Salisbury

2015 Result:
Conservative: 28192 (55.6%)
Labour: 7771 (15.3%)
Lib Dem: 5099 (10.1%)
Green: 2762 (5.4%)
UKIP: 6152 (12.1%)
Independent: 729 (1.4%)
MAJORITY: 20421 (40.3%)

Category: Ultra-safe Conservative seat

Geography: South West, Wiltshire. Part of the Wiltshire council area.

Main population centres: Salisbury, Wilton, Amesbury.

Profile: A large rural seat covering the south-eastern part of Wiltshire, it includes part of the West Wiltshire Downs AONB and the New Forest in the south, then the southern part of Salisbury plain, including Stonehenge. The seat lost much of its military presence to Devizes in the 2010 boundary changes, though Westdown Camp and the aircraft testing site at MoD Boscombe Down remain within the seat`s boundaries. The main settlement is the cathedral city of Salisbury.

Politics: This is a reliable Conservative seat held by the party since 1924. The Liberal Democrats were the main competition and with the collapse in their support the Conservatives have a majority in excess of forty percent. Historically the area contained the most nortorious of all rotten boroughs - the seat of Old Sarum, the original site of Salisbury which was moved in the thirteenth century. Despite this the seat continued to return two MPs to Westminster until 1832 despite eventually having no resident population at all.


Current MP
JOHN GLEN (Conservative) Born 1974, Bath. Educated at King Edward's School and Oxford University. Former director of the Conservative Research Department. Contested Plymouth Devonport 2001. First elected as MP for Salisbury in 2010.
Past Results
2010
Con: 23859 (49%)
Lab: 3690 (8%)
LDem: 17893 (37%)
UKIP: 1392 (3%)
Oth: 1647 (3%)
MAJ: 5966 (12%)
2005*
Con: 25961 (48%)
Lab: 9457 (17%)
LDem: 14819 (27%)
UKIP: 2290 (4%)
Oth: 1795 (3%)
MAJ: 11142 (21%)
2001
Con: 24527 (47%)
Lab: 9199 (17%)
LDem: 15824 (30%)
UKIP: 1958 (4%)
Oth: 1095 (2%)
MAJ: 8703 (17%)
1997
Con: 25012 (43%)
Lab: 10242 (18%)
LDem: 18736 (32%)
Oth: 4249 (7%)
MAJ: 6276 (11%)

*There were boundary changes after 2005

Demographics
2015 Candidates
JOHN GLEN (Conservative) See above.
THOMAS CORBIN (Labour) Train driver.
REETENDRANATH BANERJI (Liberal Democrat)
PAUL MARTIN (UKIP)
ALISON CRAIG (Green)
KING ARTHUR PENDRAGON (Independent) Born 1954, Wakefield, as John Rothwell. Former serviceman. Contested Aldershot 1997, 2001, Winchester 2005, Salisbury 2010.
Links
Comments - 31 Responses on “Salisbury”
  1. Prediction for 2015-
    Glen (Conservative)- 46%
    Liberal Democrat- 29%
    Labour- 12%
    UKIP- 11%
    Others- 2%

  2. Please note I am the Parliamentary Candidate for the Green Party in the Salisbury Constituency. Please allow me to submit a photo and details as per the above. Many thanks.

  3. Any campaign news from this constituency?

  4. Conservative Hold. 10,000 maj.

  5. Given that Sir Edward Heath has been dead for ten years the Summer stories about his sexuality, and possible paedophilia, are of limited contemporary relevance. But if the course of justice was possibly perverted when a woman with a criminal record for brothel-keeping raised allegations about a former prime minister this is a matter that does require further investigation and if appropriate criminal charges – within a reasonable timescale..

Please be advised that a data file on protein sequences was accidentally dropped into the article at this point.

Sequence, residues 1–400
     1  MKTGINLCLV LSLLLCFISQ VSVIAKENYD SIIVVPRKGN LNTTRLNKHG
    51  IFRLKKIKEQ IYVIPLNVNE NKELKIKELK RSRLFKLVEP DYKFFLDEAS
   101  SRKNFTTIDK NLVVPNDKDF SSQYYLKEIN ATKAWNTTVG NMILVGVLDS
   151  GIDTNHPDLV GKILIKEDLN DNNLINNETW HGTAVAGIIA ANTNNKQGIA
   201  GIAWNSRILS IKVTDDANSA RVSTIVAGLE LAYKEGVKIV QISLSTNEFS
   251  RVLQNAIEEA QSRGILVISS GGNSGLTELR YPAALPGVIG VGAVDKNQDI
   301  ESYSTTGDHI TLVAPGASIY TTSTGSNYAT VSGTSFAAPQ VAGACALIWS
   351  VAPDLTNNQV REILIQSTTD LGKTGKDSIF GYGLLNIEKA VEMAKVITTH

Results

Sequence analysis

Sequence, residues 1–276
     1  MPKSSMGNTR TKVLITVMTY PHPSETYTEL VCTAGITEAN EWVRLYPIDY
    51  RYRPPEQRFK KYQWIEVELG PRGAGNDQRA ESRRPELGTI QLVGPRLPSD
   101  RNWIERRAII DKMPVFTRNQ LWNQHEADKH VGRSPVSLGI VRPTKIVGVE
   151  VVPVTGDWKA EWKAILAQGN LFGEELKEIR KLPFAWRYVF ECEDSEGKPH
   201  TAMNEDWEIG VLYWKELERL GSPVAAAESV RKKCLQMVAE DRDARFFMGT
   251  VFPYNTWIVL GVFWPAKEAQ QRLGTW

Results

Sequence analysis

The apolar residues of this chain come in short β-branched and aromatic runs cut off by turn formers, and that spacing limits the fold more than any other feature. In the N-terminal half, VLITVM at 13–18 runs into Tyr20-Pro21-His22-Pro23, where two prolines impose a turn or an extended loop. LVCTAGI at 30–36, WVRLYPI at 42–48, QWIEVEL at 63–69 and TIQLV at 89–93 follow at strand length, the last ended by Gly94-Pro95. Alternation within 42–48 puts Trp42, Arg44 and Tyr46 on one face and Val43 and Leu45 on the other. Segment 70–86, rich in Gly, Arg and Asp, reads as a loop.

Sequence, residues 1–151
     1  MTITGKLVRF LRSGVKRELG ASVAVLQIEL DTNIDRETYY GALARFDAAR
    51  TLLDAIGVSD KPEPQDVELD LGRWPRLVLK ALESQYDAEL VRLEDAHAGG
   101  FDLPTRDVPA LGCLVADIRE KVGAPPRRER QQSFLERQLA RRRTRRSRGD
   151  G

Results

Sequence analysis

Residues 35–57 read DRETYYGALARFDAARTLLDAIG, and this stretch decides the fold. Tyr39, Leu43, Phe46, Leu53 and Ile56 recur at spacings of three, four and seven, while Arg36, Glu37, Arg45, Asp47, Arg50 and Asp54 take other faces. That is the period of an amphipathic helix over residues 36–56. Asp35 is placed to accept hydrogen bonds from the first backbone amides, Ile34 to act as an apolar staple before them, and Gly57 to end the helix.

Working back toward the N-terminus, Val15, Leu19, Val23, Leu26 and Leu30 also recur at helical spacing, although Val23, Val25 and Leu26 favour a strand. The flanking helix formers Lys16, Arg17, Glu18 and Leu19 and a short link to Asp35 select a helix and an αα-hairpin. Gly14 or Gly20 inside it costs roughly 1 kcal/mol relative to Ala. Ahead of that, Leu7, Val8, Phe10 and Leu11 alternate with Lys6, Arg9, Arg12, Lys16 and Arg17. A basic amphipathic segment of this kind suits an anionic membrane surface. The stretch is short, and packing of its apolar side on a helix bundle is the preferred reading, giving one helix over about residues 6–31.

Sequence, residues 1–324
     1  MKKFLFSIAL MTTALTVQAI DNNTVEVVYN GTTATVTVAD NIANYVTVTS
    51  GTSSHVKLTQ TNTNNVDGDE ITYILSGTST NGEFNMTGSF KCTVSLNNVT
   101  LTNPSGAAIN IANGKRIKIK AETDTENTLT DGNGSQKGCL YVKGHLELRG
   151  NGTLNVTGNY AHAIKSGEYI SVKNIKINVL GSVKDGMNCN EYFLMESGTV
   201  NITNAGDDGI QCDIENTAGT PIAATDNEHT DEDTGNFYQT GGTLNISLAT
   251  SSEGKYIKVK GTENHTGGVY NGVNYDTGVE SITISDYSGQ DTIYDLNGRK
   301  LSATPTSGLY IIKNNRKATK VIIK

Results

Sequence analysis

Sir Edward Heath may have been MP for Old Bexley but it is well-known that by the mid-1990s he was living in Salisbury.and any criminal allegations relating to him would have been likely tp concern the Wiltshire Police Force.

    Let me make clear that I do not personally know anything of any such allegations, but I do read the newspapers.

  6. My goodness John Glen had an extremely good result here- The Lib Dem collapse here was absolutely extraordinary.

  7. The problem for the opposition in this seat is that nobody is clearly in second, or indeed third, place.

  8. That is indeed the case. The good increase for Labour would suggest they might be on the up here long-term now the Lib Dems are nowhere in the area, but I don’t actually really know how much of it was in fact down to simple tactical unwind as it had become clear the Lib Dem challenge had faltered many years ago in this seat. But suffice to say the Tories now have over 50% of the vote, which might now make it even more unclear in the future who can mount the most realistic challenge to John Glen- The opposition is so heavily split the seat will likely never be lost to another party, but I think Labour might well take second place here again next time.

  9. The Results- well it depends what you mean by ‘on the up’. If you mean that Labour can keep managing a distant second I agree with you but anything more than that is most unlikely given that the seat is semi-rural with a large proportion of white, reasonably well off electors over the age of 45. Salisbury itself offers some (limited) opportunities for Labour but it only constitutes half the electorate and probably less than half of that part of the electorate that actually votes.

    I think the nearest Labour came to winning Salisbury was 1966, when they were 10% behind the Conservatives. There was once a respectable Labour vote but it dissolved after 1970 when the Liberals started contesting the seat again. The Conservatives have arguably also strengthened over time, their 2010 vote share being the highest since 1970.

  10. The Liberal vote here was surprisingly los in the 1960s and in particular one wonders why the Liberals failed to put up a candidate in 1966. This may seem a long time ago but it could have made the difference between the Liberals coming second and winning in 1979 and the 1980s.

    It is difficult to see the LibDems coimg back from their fourth place last May.